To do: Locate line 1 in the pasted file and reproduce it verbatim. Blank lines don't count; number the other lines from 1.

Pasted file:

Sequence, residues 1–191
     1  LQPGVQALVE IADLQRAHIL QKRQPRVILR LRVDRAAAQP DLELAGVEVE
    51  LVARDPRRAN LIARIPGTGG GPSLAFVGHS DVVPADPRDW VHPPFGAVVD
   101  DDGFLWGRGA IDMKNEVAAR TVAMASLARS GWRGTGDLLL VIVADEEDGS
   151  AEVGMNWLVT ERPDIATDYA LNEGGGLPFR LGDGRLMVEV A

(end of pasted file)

Sequence, residues 1–191